4 years ago

Automatic Extraction of Examples for Word Sense Disambiguation

Automatic Extraction of Examples for Word Sense Disambiguation


CHAPTER 4. EVALUATION OF WSD SYSTEMS 41 fessional lexicographers but rather by contributors on a voluntary basis. The latter could use a Web-based application which enabled easy and fast annotation of the examples. Since we used exactly this corpus as a grounding base for our data, we consider it very relevant to review the most important parts of the annotation process. For each of the 57 words a set of sentences with their occurrences was extracted from the cor- pus and presented to the users of the Web-application. For each of the instances, the contributors had the chance to select one or more senses from a predefined list of all senses that the targeted word has. Of course, it was more than preferable that only one sense is chosen, however, the possibility to select more than one sense together with the options unclear and none of the above was provided. Figure 4.1 on page 41 shows an example of the Web-application. Figure 4.1: Screenshot from Open Mind Word Expert (Chklovski and Mihalcea, 2002). As sense inventory a mixture of WordNet (for all the nouns and the adjectives) and Wordsmyth 6 (for the verbs) was used . We already noticed in the previous sections that the MFS classifier is usually used as a baseline for system performance and for the English lexical sample task this heuristic reached 64.5% (coarse) and 55.2% (fine) accuracy. The reported overall IAA (nor- mally used as upper bound for system performance) for the data is relatively low - approximately 6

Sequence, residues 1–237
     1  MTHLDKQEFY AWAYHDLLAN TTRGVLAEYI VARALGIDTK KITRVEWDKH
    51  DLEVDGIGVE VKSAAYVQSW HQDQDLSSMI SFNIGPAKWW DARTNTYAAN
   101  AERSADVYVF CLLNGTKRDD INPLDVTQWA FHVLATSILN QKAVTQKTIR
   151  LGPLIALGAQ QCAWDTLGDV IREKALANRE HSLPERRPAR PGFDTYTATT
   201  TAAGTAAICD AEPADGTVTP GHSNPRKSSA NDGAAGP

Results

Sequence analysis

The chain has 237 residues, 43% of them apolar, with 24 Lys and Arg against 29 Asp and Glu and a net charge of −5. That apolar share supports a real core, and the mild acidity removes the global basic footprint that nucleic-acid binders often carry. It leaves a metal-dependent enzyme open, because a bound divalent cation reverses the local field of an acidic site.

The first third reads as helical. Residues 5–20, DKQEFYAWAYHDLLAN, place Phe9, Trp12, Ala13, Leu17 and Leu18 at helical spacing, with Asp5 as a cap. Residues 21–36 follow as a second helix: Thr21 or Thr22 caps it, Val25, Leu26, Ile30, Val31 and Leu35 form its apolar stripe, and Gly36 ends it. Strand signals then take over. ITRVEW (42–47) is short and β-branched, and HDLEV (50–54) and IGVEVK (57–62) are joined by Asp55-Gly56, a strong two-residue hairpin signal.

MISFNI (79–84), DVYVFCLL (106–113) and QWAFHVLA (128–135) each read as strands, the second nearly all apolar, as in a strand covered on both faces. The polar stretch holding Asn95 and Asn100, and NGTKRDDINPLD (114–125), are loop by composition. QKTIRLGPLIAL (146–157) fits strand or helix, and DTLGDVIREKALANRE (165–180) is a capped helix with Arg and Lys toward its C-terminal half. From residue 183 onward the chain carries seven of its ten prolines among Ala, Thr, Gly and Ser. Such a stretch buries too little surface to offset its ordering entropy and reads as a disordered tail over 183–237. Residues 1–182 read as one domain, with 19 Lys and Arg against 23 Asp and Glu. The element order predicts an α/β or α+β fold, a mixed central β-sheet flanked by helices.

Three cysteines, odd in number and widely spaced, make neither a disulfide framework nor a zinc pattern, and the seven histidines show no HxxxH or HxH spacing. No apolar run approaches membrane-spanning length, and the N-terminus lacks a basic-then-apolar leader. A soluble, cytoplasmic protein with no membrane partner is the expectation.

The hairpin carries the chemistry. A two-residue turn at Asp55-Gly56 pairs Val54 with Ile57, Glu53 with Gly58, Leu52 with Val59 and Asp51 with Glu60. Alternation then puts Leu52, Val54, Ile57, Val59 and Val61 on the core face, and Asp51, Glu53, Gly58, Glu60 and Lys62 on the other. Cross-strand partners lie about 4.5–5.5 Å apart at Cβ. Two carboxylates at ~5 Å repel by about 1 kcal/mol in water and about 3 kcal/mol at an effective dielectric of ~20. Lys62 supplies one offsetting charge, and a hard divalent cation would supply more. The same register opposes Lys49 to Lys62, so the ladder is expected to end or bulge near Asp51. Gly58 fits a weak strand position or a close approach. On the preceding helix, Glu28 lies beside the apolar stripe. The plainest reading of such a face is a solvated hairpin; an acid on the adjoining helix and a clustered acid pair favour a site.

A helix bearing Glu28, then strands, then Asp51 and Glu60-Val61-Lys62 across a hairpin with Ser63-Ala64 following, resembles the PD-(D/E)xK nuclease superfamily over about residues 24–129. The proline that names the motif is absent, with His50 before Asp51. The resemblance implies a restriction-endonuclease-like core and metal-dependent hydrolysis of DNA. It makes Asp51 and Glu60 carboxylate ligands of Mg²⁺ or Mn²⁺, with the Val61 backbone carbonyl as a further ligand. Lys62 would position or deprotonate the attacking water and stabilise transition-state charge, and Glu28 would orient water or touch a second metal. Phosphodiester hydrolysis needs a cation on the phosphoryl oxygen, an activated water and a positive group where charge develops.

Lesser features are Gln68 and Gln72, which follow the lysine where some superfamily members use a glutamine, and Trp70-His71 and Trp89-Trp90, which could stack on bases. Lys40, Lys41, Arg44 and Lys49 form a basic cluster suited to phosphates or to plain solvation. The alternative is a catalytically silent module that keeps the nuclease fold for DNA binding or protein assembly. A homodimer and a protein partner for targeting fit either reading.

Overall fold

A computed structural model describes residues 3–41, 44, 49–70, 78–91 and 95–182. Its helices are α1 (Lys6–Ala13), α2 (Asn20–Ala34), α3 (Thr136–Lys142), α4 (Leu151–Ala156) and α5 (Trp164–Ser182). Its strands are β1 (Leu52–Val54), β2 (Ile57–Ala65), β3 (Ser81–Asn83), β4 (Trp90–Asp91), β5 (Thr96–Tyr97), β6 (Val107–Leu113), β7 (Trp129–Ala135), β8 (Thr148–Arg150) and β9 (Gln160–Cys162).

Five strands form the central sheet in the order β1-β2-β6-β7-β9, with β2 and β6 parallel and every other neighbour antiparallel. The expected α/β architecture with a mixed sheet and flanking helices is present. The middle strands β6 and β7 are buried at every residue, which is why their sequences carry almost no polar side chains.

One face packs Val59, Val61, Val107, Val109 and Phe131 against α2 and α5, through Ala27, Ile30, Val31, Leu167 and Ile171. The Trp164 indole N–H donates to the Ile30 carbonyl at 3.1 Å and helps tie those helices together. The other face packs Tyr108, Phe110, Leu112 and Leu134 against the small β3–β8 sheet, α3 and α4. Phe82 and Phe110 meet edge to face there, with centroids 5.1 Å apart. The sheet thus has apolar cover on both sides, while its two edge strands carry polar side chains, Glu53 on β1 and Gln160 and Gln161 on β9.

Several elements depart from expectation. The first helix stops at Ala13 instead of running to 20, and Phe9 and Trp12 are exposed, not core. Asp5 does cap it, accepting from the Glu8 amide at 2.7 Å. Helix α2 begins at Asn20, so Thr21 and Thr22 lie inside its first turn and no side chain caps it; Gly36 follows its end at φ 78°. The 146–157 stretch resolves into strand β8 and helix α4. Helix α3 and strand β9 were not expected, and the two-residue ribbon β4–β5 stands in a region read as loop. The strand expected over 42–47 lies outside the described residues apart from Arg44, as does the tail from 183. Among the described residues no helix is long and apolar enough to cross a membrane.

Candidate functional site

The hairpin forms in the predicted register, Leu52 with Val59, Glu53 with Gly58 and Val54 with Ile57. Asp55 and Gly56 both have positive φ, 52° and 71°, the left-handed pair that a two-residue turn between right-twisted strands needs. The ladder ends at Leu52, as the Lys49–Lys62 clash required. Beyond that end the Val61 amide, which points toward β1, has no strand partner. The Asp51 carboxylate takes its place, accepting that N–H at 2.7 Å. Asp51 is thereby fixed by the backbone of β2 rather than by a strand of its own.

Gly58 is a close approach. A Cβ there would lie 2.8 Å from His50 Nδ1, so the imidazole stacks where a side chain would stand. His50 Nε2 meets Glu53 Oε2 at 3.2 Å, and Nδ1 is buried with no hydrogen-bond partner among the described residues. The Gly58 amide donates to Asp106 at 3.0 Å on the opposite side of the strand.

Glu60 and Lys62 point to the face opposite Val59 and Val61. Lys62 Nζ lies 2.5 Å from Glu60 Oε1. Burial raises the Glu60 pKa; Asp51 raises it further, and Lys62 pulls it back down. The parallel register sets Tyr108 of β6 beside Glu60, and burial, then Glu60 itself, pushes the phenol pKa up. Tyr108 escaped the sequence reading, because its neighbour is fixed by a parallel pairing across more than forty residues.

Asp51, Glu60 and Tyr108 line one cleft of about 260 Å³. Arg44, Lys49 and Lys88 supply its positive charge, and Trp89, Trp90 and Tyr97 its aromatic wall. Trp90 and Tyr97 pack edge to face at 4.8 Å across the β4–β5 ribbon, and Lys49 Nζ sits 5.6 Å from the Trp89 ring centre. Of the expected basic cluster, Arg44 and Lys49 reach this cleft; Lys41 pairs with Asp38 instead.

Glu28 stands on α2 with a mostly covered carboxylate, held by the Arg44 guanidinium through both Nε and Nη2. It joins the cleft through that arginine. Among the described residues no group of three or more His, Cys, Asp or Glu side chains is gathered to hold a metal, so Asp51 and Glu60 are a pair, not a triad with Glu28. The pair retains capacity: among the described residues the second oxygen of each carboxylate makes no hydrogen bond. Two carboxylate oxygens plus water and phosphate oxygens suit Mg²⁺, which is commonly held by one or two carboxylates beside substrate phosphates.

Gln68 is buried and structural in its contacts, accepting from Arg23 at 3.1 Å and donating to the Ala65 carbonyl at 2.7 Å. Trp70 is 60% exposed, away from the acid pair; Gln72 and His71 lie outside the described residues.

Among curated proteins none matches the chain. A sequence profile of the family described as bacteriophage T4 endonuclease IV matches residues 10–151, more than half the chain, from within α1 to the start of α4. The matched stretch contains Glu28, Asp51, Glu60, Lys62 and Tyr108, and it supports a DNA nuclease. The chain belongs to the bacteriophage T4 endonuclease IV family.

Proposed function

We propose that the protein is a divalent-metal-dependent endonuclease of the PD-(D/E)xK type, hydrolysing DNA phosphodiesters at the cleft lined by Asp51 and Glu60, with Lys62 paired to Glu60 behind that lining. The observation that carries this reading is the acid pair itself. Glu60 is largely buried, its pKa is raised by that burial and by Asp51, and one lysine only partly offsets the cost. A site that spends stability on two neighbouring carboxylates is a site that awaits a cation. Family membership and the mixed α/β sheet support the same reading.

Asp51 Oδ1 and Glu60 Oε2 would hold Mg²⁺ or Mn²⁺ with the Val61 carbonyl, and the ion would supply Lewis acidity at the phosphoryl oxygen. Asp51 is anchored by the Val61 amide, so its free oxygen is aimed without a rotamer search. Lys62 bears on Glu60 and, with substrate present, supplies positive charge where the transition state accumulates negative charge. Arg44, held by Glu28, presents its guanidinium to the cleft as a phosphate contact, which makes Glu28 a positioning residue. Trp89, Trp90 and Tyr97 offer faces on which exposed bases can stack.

CHAPTER 4. EVALUATION OF WSD SYSTEMS 42 67.3%. From this result we could conclude that the expected performance of the systems in that task was in the range between the MFS and the inter-annotator agreement (IAA). However, the best performing system was reported to have reached an accuracy of 79.3% (coarse) and 72.9% (fine). Those considerably unexpected results could either mean that the IAA achieved by the OMWE is not good enough to be used as an upper bound for the task or that the systems reach considerably better performance than humans do for the given data. By briefly describing the Senseval-3 lexical sample task and in particular the English lexical sample task we aimed to give a broad overview of the attempts and achievements in the en- terprise, hence this is a starting point of understanding the system that we designed, which is fairly similar to the systems we have presented for the task. In Table 4.4 we have summed up the most important information from the presented section. To those figures we will return later on in our work when we will look at the structure and results of our approach. Language IAA Best Score (coarse) System Basque 78.2% 71.1% Swarthmore College Catalan 93.16% 85.2% IRST Chinese - 60.40% I 2 R-WSD (FEATUREA1) English 67.3% 79.3% htsa3 Italian 73% - 99% 53.1% IRST-Kernels Romanian 41.72% - 94.43% 77.1% romanian-swat hk-bo Spanish 83% - 90% 84.20% IRST 4.5.3 Other Tasks Table 4.4: Summary of the Senseval-3 Lexical Sample Task. Along with the all-words task and the lexical sample task there were a few other competitions in Senseval-3 (Automatic subcategorization acquisition (Preiss and Korhonen, 2004), Multilin- gual lexical sample/Translation (Chklovski et al., 2004), Word-Sense Disambiguation of WordNet Glosses (Litkowski, 2004b), Automatic Labeling of Semantic Roles (Litkowski, 2004a), Identifi- cation of Logic Forms in English (Rus, 2004), Identification of Semantic Roles in Swedish - can- celled). However, those tasks are not that relevant for our work and for the sake shortness we will not pay further attention to them. Thus, if any detailed information is needed, refer to the relevant literature for each task. 4.6 Semeval-1 Since the results from the Senseval competitions were so good and there was a growing in- terest in the task of classifying semantic relations between pairs of words a new exercise was

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